More than 200 million tonnes of coal ash waste is currently dumped in unlined sites across the state, with more than half of the material stored in the Hunter and Central Coast, a parliamentary inquiry has heard.
The inquiry into the costs for remediation of sites containing coal ash repositories was told on Tuesday that the amount of the waste product is growing by 3.8 million tonnes a year.
Several environment and community organisations raised concerns about the impact of the material on surrounding residents and the environment, in particular the potential for heavy metals and other pollutants to contaminate waterways, soil and air.
The NSW Nature Conservation Council has called for the state government to introduce ash dam regulations consistent with international best practice and to apply the regulations to both active and inactive ash dams.
It also wants all ash dams to be lined and made leach proof and for the ash dams at Vales Point and Eraring power stations to be decontaminated and reconstructed.
"For both the Eraring and Vales Point power stations the government is liable for pre-sale contamination of their coal ash dams. The government should reflect on the international coal ash disasters and ensure they take every possible measure to mitigate this risk," Nature Conservation Council climate and energy campaigner Liz Hadjia said.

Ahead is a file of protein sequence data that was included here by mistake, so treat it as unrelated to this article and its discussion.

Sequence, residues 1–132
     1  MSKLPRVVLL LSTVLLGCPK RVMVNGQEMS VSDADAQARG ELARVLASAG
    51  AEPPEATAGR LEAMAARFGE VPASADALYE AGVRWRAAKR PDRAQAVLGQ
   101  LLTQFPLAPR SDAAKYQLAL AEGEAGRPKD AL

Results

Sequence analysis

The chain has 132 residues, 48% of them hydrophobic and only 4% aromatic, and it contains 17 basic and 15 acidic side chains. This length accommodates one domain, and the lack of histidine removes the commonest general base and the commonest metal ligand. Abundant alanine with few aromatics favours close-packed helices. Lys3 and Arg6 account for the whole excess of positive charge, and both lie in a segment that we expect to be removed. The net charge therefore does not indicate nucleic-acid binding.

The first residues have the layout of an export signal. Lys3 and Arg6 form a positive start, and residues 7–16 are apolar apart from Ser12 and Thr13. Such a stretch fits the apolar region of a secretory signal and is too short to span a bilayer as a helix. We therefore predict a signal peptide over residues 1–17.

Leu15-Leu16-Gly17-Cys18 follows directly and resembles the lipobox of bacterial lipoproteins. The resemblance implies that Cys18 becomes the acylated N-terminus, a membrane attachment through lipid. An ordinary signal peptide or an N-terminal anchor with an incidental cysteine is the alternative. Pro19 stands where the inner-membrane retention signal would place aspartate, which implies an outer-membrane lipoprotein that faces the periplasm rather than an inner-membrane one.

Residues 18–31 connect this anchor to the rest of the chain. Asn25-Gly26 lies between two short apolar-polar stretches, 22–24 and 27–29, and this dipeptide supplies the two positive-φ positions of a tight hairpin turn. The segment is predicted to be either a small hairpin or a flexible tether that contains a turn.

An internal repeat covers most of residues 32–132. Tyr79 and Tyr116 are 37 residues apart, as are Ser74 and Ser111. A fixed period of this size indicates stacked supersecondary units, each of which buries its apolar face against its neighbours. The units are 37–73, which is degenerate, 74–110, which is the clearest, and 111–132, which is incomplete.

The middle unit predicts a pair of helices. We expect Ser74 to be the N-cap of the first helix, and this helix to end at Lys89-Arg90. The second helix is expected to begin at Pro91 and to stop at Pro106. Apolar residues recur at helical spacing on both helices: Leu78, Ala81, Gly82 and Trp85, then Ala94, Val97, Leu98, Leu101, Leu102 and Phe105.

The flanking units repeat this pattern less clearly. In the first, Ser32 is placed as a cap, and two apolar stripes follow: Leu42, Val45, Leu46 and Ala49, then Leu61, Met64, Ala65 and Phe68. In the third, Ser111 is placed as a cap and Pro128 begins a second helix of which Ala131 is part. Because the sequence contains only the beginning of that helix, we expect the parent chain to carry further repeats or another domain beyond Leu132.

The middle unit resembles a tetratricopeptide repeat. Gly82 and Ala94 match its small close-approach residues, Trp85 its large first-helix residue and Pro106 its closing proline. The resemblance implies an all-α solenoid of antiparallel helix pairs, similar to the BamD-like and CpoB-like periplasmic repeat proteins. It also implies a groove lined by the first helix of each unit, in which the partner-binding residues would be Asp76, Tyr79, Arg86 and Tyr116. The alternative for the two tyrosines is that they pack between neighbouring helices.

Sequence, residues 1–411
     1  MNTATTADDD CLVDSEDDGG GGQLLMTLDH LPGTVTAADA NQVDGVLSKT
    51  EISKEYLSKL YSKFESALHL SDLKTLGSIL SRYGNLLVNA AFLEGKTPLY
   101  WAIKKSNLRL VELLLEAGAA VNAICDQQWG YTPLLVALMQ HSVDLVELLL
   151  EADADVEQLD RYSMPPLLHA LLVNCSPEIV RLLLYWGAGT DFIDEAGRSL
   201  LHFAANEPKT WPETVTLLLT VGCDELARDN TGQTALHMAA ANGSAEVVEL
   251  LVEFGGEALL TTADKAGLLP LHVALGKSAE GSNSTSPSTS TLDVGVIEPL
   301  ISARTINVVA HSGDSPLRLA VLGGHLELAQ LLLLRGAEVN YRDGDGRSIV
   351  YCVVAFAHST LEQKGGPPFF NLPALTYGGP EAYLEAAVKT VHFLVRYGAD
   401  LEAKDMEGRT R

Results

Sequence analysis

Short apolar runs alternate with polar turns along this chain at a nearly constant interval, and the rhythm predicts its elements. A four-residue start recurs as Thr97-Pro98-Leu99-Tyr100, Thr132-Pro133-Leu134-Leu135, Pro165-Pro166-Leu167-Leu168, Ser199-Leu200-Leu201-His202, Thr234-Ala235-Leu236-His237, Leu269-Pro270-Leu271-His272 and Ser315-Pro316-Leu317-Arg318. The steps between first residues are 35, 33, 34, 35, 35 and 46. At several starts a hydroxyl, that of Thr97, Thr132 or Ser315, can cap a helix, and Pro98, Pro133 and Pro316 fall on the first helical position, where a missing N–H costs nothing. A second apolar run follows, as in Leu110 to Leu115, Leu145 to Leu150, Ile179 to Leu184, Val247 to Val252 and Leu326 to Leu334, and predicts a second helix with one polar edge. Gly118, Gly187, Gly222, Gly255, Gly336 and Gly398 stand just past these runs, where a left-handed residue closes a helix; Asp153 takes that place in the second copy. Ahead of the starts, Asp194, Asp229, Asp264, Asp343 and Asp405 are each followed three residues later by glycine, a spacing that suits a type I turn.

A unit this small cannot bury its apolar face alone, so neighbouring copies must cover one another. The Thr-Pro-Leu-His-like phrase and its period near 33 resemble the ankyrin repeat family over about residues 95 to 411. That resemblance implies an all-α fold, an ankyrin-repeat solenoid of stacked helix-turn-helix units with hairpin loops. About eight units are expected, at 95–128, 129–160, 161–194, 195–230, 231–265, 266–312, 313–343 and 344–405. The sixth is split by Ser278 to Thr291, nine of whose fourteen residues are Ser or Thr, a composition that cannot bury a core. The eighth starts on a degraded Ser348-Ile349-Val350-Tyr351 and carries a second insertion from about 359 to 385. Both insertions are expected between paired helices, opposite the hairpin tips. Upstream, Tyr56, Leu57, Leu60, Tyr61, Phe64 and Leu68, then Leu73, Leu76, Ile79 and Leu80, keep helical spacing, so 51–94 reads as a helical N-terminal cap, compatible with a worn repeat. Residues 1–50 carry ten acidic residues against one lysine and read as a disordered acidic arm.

Environmental Justice Australia has called on the government to pause the assessment process for a coal ash dump expansion at AGL's Bayswater power station until the outcomes of the coal ash inquiry are known.
The group argued the company's proposal to expand ash recycling by one million tonnes per year and establish a waste disposal site for salt cake ignored hazards and failed to comply with NSW law.
"Not only is the approval of the Bayswater coal ash dam expansion going ahead before the coal ash inquiry has begun, there are serious gaps in AGL's proposal that could put the local community and environment at risk from things like groundwater contamination," Bronya Lipski, lawyer with Environmental Justice Australia, said.
"To protect the community, NSW Environment Minister, Matt Kean, must stop this proposal in its tracks until the recommendations from the coal ash inquiry are known."
Representatives from Delta, Origin and AGL defended their management of coal ash waste and said they were keen to increase the amount of the material that was recycled.
Origin, which operates Eraring Power Station, said it has already constructed a private haul road paved with a pavement product with an ash content of 92 per cent.
Assessments conducted by independent laboratories found that the road exceed performance standards over a 25-year period.
The company is in discussions with Lake Macquarie Council to construct another road with the product in the local government area.
The inquiry's second hearing will be held at Lake Macquarie on October 6.
The majority of the submissions received by the inquiry raised concerns about heavy metal contamination leaching into the water, dust pollution, and the low rate of coal ash reuse in Australia.
- Contamination fears rising from the ashes at Eraring Power Station ash dam
- Coal ash makes up about 20 per cent of the state's waste stream
- Lake Macquarie councillors question Eraring power station ash dam risks after Origin Energy briefing
- State government has no plans to remediate coal ash pollution at Vales Point and Eraring power stations
- Coal ash dumps a 'ticking time bomb': Environmental Justice Australia Report
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